Effect of Geochemical and Physical Heterogeneity on the Hanford 100D Area In Situ Redox Manipulation Barrier Longevity

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The purpose of this study was to quantify the influence of physical and/or geochemical heterogeneities in the Hanford 100D area In Situ Redox Manipulation (ISRM) barrier, which may be contributing to the discontinuous chromate breakthrough locations along the 65-well (2,300 ft long) barrier. Possible causes of chromate breakthrough that were investigated during this study include: (1) high hydraulic conductivity zones; (2) zones of low reducible iron; and (3) high hydraulic conductivity zones with low reducible iron. This laboratory-scale investigation utilized geochemical and physical characterization data collected on 0.5 to 1 foot intervals from four borehole locations. Results of this laboratory ... continued below

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Szecsody, Jim E.; Vermeul, Vince R.; Fruchter, Jonathan S.; Williams, Mark D.; Phillips, Jerry L.; Devary, Brooks J. et al. November 30, 2005.

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The purpose of this study was to quantify the influence of physical and/or geochemical heterogeneities in the Hanford 100D area In Situ Redox Manipulation (ISRM) barrier, which may be contributing to the discontinuous chromate breakthrough locations along the 65-well (2,300 ft long) barrier. Possible causes of chromate breakthrough that were investigated during this study include: (1) high hydraulic conductivity zones; (2) zones of low reducible iron; and (3) high hydraulic conductivity zones with low reducible iron. This laboratory-scale investigation utilized geochemical and physical characterization data collected on 0.5 to 1 foot intervals from four borehole locations. Results of this laboratory study did not provide definitive support any of the proposed hypotheses for explaining chromate breakthrough at the Hanford 100-D Area ISRM barrier. While site characterization data indicate a significant degree of vertical variability in both physical and geochemical properties in the four boreholes investigated, lateral continuity of high conductivity/low reductive capacity zones was not observed. The one exception was at the water table, where low reductive capacity and high-K zones were observed in 3 of four boreholes. Laterally continuous high permeability zones that contain oxic sediment near the water table is the most likely explanation for high concentration chromium breakthrough responses observed at various locations along the barrier. A mechanism that could explain partial chromate breakthrough in the ISRM barrier is the relationship between the field reductive capacity and the rate of chromate oxidation. Subsurface zones with low reductive capacity still have sufficient ferrous iron mass to reduce considerable chromate, but the rate of chromate reduction slows by 1 to 2 orders of magnitude relative to sediments with moderate to high reductive capacity. The original barrier longevity estimate of 160 pore volumes for homogeneous reduced sediment, or approximately 20 years, (with 5 mg/L dissolved oxygen and 2 ppm chromate) is reduced to 85 pore volumes (10 years) when the wide spread 60 ppm nitrate plume is included in the calculation. However, this reduction in barrier lifetime is not as great for high permeability channels, as there is insufficient time to reduce nitrate (and consume ferrous iron). If the cause of laterally discontinuous breakthrough of chromate along the ISRM barrier is due to oxic transport of chromate near the water table, additional dithionite treatment in these zones will not be effective. Treatment near the water table with a technology that emplaces considerable reductive capacity is needed, such as injectable zero valent iron.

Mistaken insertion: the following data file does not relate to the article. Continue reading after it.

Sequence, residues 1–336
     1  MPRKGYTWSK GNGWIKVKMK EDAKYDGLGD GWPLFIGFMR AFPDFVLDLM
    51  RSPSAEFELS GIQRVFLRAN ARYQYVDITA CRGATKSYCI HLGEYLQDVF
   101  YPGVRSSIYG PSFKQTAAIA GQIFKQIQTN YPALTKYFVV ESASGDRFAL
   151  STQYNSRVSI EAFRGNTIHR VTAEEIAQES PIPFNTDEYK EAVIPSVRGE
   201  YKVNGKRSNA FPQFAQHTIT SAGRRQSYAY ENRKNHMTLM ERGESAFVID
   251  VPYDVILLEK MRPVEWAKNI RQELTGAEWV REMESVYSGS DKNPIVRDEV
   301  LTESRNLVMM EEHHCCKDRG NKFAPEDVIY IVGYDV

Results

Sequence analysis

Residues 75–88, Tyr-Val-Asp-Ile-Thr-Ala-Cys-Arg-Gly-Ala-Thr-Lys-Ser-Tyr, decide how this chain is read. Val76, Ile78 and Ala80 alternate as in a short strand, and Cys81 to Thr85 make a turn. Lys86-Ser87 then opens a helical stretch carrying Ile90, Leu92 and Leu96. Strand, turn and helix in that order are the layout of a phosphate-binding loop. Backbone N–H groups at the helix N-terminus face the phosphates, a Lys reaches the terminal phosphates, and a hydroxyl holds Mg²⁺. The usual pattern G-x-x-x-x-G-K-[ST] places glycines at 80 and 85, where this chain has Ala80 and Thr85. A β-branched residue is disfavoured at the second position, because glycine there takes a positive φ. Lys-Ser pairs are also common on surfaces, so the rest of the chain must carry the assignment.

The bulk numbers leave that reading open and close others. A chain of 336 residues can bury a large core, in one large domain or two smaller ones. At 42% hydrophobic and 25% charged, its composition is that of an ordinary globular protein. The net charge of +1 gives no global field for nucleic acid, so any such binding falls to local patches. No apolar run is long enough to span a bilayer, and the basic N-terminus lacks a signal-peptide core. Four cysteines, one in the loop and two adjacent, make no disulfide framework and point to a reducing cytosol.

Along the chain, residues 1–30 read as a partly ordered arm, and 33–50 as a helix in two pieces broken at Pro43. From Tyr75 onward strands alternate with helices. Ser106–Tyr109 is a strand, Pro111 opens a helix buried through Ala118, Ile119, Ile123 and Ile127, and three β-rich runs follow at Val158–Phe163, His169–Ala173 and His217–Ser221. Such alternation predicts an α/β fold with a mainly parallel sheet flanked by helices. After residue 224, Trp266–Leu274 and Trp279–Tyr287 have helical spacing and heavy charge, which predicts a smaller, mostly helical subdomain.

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  • Report No.: PNNL-15499
  • Grant Number: AC05-76RL01830
  • DOI: 10.2172/877065 | External Link
  • Office of Scientific & Technical Information Report Number: 877065
  • Archival Resource Key: ark:/67531/metadc878682

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  • November 30, 2005

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  • Sept. 21, 2016, 2:29 a.m.

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  • Nov. 23, 2016, 5:17 p.m.

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Szecsody, Jim E.; Vermeul, Vince R.; Fruchter, Jonathan S.; Williams, Mark D.; Phillips, Jerry L.; Devary, Brooks J. et al. Effect of Geochemical and Physical Heterogeneity on the Hanford 100D Area In Situ Redox Manipulation Barrier Longevity, report, November 30, 2005; Richland, Washington. (digital.library.unt.edu/ark:/67531/metadc878682/: accessed September 23, 2017), University of North Texas Libraries, Digital Library, digital.library.unt.edu; crediting UNT Libraries Government Documents Department.